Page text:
Your perfect weight
We hear a lot about weight. Some people worry about gaining weight, other people have trouble keeping weight on. So, what is the perfect weight, how do you get to it (and stay at it), and why is it important?
Body Mass Index (BMI) is one number used to evaluate someone’s weight and health status. It looks at your weight and your height (because the taller you are, the more you’re likely going to weigh) and then categorizes people into: underweight, normal weight, overweight, Obese I, Obese II, and Obese III. People tend to think people who weigh more or have higher BMIs eat poorly and don’t exercise. However, when we think more broadly, we can see weight and BMI don’t really share the whole story. For example, since BMI is just taking looking at weight and height, it doesn’t consider body composition (i.e., how much muscle, fat, or water the person is carrying that is influencing their weight). In fact, there’s a lot more things besides diet and exercise that influence weight and BMI.
Factors influencing weight/BMI:
Therefore, these numbers don’t really explain someone’s whole health story. And we know we can’t reduce people to just one or two numbers anyway, because we’re much more than that! But is there a goal weight to be at for overall health?
Actually, there’s a range of weights that are healthy AND everyone’s range is different. This is one part of “set point theory,” which helps us understand weight and its changes. It tells us our bodies try really hard to stay within these pre-set ranges. So, for example, if someone tries to lose weight by eating less, their body’s metabolism will start to slow down to conserve energy and maintain its weight instead of losing it. This brings us to the next point, which is: eating less doesn’t mean you will get to your perfect weight or perfect picture of health.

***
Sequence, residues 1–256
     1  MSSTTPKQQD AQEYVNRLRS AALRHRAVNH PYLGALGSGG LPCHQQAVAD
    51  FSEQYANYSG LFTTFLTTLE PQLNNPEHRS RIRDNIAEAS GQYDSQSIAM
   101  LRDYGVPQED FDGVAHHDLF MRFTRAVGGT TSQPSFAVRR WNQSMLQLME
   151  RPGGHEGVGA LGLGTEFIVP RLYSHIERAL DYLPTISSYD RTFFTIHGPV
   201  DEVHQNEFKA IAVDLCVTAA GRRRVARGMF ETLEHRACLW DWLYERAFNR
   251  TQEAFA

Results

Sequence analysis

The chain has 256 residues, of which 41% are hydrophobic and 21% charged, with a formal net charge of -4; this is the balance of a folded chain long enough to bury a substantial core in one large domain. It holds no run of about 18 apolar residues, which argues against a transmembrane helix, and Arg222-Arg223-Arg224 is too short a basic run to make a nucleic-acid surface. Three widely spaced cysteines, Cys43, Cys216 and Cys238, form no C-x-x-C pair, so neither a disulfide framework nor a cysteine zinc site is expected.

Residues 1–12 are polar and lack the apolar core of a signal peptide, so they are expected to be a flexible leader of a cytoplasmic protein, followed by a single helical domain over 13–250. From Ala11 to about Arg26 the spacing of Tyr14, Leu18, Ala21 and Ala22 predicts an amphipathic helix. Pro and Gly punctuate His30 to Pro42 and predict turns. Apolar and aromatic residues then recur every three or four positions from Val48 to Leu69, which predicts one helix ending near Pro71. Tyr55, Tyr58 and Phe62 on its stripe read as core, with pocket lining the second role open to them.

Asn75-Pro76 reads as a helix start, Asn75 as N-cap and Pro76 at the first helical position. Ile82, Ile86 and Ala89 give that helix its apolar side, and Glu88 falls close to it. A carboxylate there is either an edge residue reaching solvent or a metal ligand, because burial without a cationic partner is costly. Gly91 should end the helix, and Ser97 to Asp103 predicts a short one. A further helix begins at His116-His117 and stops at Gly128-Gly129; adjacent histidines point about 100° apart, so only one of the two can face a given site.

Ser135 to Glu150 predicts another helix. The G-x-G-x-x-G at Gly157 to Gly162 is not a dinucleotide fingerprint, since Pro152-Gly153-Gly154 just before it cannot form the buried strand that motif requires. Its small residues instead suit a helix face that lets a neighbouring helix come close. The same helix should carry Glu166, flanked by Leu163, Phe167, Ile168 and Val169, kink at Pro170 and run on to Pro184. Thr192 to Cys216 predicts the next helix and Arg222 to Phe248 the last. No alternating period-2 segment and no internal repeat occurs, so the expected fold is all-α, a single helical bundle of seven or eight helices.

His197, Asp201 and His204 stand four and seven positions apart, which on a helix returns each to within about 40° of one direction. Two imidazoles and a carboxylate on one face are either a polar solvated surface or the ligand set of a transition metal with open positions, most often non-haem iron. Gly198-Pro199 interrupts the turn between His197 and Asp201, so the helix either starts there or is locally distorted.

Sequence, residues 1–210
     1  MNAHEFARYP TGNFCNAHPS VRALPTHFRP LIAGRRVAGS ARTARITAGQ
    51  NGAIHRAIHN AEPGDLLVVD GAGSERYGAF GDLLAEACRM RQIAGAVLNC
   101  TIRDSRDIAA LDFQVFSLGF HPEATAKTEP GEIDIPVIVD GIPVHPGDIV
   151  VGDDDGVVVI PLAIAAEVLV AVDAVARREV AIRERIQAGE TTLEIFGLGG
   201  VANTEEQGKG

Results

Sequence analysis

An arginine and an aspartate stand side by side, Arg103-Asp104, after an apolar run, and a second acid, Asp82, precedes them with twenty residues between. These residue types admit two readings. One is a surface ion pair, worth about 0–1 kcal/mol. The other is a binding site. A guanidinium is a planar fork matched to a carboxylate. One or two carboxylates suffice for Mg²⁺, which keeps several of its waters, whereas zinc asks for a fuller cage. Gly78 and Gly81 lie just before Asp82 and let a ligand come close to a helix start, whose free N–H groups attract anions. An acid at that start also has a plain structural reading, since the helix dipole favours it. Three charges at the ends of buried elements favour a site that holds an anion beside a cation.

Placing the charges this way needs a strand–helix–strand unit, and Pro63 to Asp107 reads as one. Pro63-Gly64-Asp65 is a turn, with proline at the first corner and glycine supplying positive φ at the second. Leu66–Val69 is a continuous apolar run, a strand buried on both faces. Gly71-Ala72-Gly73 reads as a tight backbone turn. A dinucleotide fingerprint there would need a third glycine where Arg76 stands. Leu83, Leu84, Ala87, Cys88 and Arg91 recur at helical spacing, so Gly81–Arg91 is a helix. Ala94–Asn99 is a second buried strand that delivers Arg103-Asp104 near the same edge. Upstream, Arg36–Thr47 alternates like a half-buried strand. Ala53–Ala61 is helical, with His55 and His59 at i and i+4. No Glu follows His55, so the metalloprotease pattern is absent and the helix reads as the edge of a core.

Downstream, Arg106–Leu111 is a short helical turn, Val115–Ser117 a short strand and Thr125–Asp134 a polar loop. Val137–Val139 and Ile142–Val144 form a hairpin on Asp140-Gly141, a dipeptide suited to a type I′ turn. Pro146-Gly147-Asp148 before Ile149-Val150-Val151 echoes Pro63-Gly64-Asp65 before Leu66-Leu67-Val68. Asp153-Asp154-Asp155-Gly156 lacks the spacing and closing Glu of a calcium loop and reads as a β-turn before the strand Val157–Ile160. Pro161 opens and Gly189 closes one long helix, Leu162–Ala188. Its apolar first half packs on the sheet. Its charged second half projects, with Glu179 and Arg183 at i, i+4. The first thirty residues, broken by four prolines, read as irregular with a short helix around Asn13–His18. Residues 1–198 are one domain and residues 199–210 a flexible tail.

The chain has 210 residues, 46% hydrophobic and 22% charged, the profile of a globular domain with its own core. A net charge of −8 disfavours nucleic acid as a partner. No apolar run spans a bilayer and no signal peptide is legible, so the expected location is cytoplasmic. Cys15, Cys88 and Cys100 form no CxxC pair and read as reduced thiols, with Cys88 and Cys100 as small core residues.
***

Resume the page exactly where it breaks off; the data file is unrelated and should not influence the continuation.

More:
How to Get to Your Healthy Weight
We have to eat the “right” amount for us, and our unique “set-point” weight ranges. How do we know what the right amount is? Conveniently, our bodies send out hormones telling us to eat when we need energy, and sends out other hormones telling us to stop eating when we’ve eaten enough. Sometimes we ignore feelings of hunger because we’re busy, or thinking about something else, or think we “shouldn’t” be hungry yet. That is, until we get reallllly hungry. At this point of super hunger, we’re way more likely to eat as much as we can, as fast as we can, making us uncomfortably full (aka ignore feelings of fullness until we’re reallllly full). This pattern can make us hangry and tired during hours of not eating, bloated and unhappy after overeating, and has been linked to weight gain and negative health outcomes in the long term. The way to get out of this pattern is to listen more closely for those natural hunger and fullness cues we may miss, and honor them by eating or stopping. Here’s a tip to get you started: try eating something at least every 3-5 hours depending on your schedule, and incorporate a variety of different food groups: fruits, vegetables, whole grains, and lean protein sources to cover all your bases. Stay tuned for more articles to find out more, or schedule an appointment with the FAU Registered Dietitian.